9. Marquise Goodwin, Texas, 5-9, 183. He was a star in Mobile for the Senior Bowl practices, as his speed was eye-opening. His 4.21 40-yard dash at the combine continued his positive momentum. He previously was considered mostly a return man, but now scouts are looking at him as much more. They would feel a lot better about Goodwin if he had been more productive. "It's a little concerning that Texas never was able to maximize his speed on offense," one scouting director said. "He didn't have the production he should have had." Goodwin isn't very big, and that could limit him as an outside receiver. The scouting director said he isn't very quick in and out of cuts. He also has a hard time beating press coverage. He was an Olympic long jumper in London last summer.
10. Kenny Stills, Oklahoma, 6-1, 194. He is a thin, speed receiver and smooth athlete who can get deep. He can make good adjustments for the football. Said one scout, "He has some electricity to him." Stills has been productive, but almost all of his production comes on the perimeter. He is not a complete receiver who can run all the routes and line up at all the positions. Some of his routes get sloppy. He had some bad drops. Scouts think Stills could have benefited from staying at Oklahoma for his senior season. His father, Ken Stills, was an NFL safety.
11. Terrance Williams, Baylor, 6-2, 208. This well-built receiver catches a lot of balls. He uses his height and reach to his advantage. Some of his production was inflated by Baylor's offense, but there is no denying he is talented. He has to learn about route running. One scout described Williams as a "jack of all trades, master of none." He can come in and out of his breaks well. He has a good feel for finding the holes in zone coverage. His hands have been a little inconsistent. He is not the fastest receiver, but he isn't slow.
12. Ryan Swope, Texas A&M, 6-0, 205. He ran a 4.34 40-yard dash at the combine, but scouts say he doesn't play that fast and he has trouble separating at the top of his routes. Still, defenders have to respect his speed off the snap and quickness in and out of cuts. His hands are a little puzzling. "He makes some great catches, but then he has concentration drops," one scout said. He has been most effective in the slot. Swope is a former running back.
13. Denard Robinson, Michigan, 5-11, 199. The college quarterback is a special athlete, but he is an unknown as a wide receiver. He also could be considered at running back. NFL teams believe he has to make the position switch because of his inconsistencies as a passer. "He could be an Antwaan Randle El type of guy," a front-office man said. "Antwaan picked it up easily." Robinson struggled catching the ball at the Senior Bowl but looked better in positional drills at the combine. He would have to be looked at as a project who will be given a redshirt season.
14. Da'Rick Rogers, Tennessee Tech, 6-3, 217. If he were judged strictly on ability, he'd be a potential first-rounder. Rogers isn't real fast, but he's big, strong and athletic. He is outstanding after the catch. He has excellent body control. His highlight reel is incredible. He started out at Tennessee and looked good for a short period of time. But he violated team rules and transferred. Scouts have serious concerns about his behavior. "I couldn't imagine taking him," one veteran scout said. Another scout said he didn't dominate at Tennessee Tech as much as he should have.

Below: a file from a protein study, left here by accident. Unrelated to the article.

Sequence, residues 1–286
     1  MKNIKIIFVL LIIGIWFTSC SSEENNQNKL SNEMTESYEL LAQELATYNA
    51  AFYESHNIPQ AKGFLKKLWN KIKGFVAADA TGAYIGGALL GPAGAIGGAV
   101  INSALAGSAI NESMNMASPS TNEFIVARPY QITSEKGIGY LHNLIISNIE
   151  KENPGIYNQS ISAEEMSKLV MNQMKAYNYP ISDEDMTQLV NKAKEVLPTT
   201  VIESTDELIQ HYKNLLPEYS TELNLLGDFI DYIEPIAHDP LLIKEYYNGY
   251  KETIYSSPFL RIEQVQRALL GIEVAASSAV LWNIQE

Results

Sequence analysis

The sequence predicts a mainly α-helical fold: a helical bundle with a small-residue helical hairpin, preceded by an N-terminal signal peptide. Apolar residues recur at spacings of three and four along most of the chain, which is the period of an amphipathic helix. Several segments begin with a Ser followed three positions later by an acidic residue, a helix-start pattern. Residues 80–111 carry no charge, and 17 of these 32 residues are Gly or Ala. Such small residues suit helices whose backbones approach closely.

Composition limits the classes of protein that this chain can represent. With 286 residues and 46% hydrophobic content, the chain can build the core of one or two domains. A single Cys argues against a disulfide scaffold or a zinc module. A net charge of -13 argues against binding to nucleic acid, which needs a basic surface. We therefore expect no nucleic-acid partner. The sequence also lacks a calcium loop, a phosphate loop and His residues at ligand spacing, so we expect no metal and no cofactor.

15. Aaron Dobson, Marshall, 6-3, 210. He has average speed and explosiveness but has good body control, runs nice routes and shows good awareness. With strong hands, Dobson could be a fine possession receiver. He hasn't reached his full potential. It could take Dobson awhile to develop, but he has a good chance to become an NFL starter.
16. Chris Harper, Kansas State, 6-1, 229. This is a power receiver who makes catches in a crowd. He can run through tackles. He isn't very sudden, and he doesn't separate well. He could have a difficult time getting away from cornerbacks in the NFL. He blocks well. His hands are sound. Scouts say he will be a possession receiver.
17. Stedman Bailey, West Virginia, 5-10. 193. He was a real productive college player in a system that inflates stats, but scouts say he won't put up the same numbers in the NFL. Bailey isn't quite as big or as fast as NFL stars need to be. But he is a solid player who can make it as a nickel receiver. Bailey has good quickness, body control and timing. He can run precise routes.
18. Tavarres King, Georgia, 6-0, 189. King lacks a special trait, but he's a decent football player. He is a polished route runner and he has fairly reliable hands. He is not exceptionally fast or strong. He helped himself with a solid Senior Bowl showing.
19. Marcus Davis, Virginia Tech, 6-3, 233. His size and ability to get downfield is intriguing, and he is productive. Davis can make the catch away from his body, which makes him play big. But there is something missing. "He's not ready to be an NFL starter," one front-office man said. "He is inconsistent. I don't know if he'll ever develop into a No. 2 receiver. He may always be a situational guy." He doesn't always run good routes.
20. Charles Johnson, Grand Valley State, 6-2, 215. He was not invited to the combine but caught the attention of scouts by running a 4.39 40-yard dash and vertical jumping 39 1/2 inches at his pro day. His combination of size and speed will get him drafted. Scouts say he also has some quickness for his size, and he flashes big plays. He is very raw in his route running.
21. Cobi Hamilton, Arkansas, 6-2, 212. He is a big receiver who runs the slant exceptionally well. He adjusts to the pass well. Hamilton can get yards after the catch. He flashes big-play ability. He can make catches in a crowd. He was a three-year starter. His speed is just so-so. He can get sloppy in his route running.
22. Jaron Brown, Clemson, 6-3, 204. With size and muscle, Brown has NFL upside. He had a good workout and has moved up the charts recently. He plays physically but is a little stiff athletically. He also had a penchant for making clutch catches.